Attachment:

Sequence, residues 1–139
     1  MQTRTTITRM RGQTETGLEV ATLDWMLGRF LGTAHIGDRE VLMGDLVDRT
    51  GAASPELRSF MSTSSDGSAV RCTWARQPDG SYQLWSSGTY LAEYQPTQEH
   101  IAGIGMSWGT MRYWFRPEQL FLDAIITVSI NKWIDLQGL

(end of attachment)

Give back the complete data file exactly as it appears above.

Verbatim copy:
Sequence, residues 1–139
     1  MQTRTTITRM RGQTETGLEV ATLDWMLGRF LGTAHIGDRE VLMGDLVDRT
    51  GAASPELRSF MSTSSDGSAV RCTWARQPDG SYQLWSSGTY LAEYQPTQEH
   101  IAGIGMSWGT MRYWFRPEQL FLDAIITVSI NKWIDLQGL